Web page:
National Survey Highlights Dem Problems in Key Seats

Last week, I conducted a national survey for American Action Network.  The two key political environment questions show the significant opportunity Republicans have this year.  While the overall numbers on the President’s approval rating and the generic ballot are good news, one key crosstab highlights the wave that is building.

The generic ballot shows Republicans leading 44%-39%.   Besides all of the usual regional crosstabs, we also broke it out by the type of district.  We looked at the sample in the 66 Democratic INCUMBENT districts that Charlie Cook lists as either toss-up or leaning Democratic at the time of the survey.  In that key crosstab of Swing Democratic Incumbent Seats, the Republican lead grows to 49%-31% on the generic ballot.  That is a very powerful crosstab that says the wave is coming.

Among the remaining Democratic districts (Likely/Safe Dem, and open seats), the generic ballot is an unsurprisingly 33% GOP/51% Dem — a sign that the historically safe Dem seat will remain so, while the swing seats will be a bloodbath.  By the way, all of  in the GOP held seats, the generic is the reverse of the base Dem seats — 52% GOP/32% Dem.  Very few, if any, Republican incumbents will be defeated.

Likewise, President Obama’s numbers with likely voters are similar to the national average — 46% approve/51% disapprove.  However, in the Swing Democratic Incumbent Seats. he has a much worse 40% approve/57% disapprove.  (Keep in mind, many of these Swing Seats are held by Democrats despite the fact that John McCain either won the district in 2008, or, even if losing, outperformed his national result.

Other key findings on the generic ballot:

  • Regionally, the Republican wins 47%-39% in the South, 47%-35% in the Midwest, and 46%-36% in the West, while trailing 36%-47% in the Northeast.  The Midwest is going to be a killing field for Democrats this year — from western PA through to the Plains, Republicans are going to sweep a LOT of Democrats right out of office.
  • The GOPer leads 51%-32% among whites (that’s 61% of the decided white vote).  In 1994, GOPers won the white vote 57%-41%.  In the nadir year of 2006, Republicans only took 51% of the white vote.
  • African Americans break 8% GOP/86% Dem, so nearly all of the core African American support for Dems is built into this survey already.  Only 4% of the undecideds are African American, compared to 78% being white (leaving Hispanics as a key group).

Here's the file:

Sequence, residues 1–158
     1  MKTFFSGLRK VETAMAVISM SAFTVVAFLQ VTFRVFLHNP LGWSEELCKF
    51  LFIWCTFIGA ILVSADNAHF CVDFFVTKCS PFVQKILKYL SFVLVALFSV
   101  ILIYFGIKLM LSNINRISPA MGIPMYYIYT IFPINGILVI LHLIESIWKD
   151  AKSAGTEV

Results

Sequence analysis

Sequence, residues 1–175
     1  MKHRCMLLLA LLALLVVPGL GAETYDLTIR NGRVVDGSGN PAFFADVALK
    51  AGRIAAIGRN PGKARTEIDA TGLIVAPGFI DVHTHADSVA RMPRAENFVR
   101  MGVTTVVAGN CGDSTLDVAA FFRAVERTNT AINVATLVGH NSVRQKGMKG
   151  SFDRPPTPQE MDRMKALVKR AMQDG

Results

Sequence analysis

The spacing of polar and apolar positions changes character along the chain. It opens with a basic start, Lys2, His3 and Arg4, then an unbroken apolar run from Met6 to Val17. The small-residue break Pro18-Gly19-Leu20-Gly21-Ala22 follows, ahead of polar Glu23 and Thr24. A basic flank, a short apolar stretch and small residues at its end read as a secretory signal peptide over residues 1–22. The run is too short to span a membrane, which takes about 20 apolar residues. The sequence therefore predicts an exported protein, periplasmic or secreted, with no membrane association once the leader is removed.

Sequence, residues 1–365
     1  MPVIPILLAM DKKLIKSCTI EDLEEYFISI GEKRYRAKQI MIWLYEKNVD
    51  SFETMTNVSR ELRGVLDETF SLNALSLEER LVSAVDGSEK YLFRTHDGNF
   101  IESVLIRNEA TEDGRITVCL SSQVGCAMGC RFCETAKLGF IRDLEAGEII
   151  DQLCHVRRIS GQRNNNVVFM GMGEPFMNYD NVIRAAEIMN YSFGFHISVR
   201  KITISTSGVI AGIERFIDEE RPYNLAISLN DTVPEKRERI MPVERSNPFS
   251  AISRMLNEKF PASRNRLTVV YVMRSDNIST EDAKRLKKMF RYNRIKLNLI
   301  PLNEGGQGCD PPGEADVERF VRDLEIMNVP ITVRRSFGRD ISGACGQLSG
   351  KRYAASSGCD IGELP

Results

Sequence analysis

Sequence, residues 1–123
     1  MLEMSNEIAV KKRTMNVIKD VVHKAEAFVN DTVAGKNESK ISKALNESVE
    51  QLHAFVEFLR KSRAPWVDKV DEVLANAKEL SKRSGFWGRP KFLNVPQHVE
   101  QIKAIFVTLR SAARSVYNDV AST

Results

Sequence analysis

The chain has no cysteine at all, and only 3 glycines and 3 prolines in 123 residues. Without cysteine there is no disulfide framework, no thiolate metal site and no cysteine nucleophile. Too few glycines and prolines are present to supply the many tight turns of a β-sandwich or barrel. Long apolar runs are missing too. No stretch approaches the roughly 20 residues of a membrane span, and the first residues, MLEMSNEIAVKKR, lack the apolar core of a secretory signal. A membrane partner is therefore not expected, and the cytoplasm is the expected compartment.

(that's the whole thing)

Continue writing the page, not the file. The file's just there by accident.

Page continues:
• There is a 17 point gender gap — GOPers lead 49%-35% among men, and trail 40%-43% among women.
  • The real GOP problem with women comes among women with college degrees — we trail 33%-52%, while leading 45%-36% among women without degrees.  Men with college degrees break 53%-32%, so presumably there are going to be a large number of households where votes get cancelled out.
  • White women vote GOP 45%-35%, which is not as strong as white men (57%-28%).  However, this underscores that Democrats in swing seats with a low percentage of minorities are in HUGE trouble.
  • Suburban and rural voters are both going GOP by double digits — suburban by a 48%-36% margin and rural voters break 51%-30%.
  • In the states Obama won with less than 54% of the vote, the generic is breaking 48% GOP/34% Dem.  Those states are Colorado, Virginia, North Carolina, Iowa, Ohio, Minnesota, Indiana, and New Hampshire — where, not coincidentally, there are a lot of targeted House races (including many that have just bubbled up to target lists in the last few months as voters seek to punish the party in power).

So, what does all these data mean?  Democrats are in trouble nationally, but their problems are amplified in the very areas they need to do well enough to survive.  While Republicans are hitting home runs nationally (for what that is worth), in the swing seats, the key states, and the key demographics, GOPers are performing like Sammy Sosa on steriods.

The survey was conducted September 14-16, 2010 among 800 likely voters nationwide, and has a margin of error of +/-3.46% in 95 out of 100 cases.

Public Opinion Strategies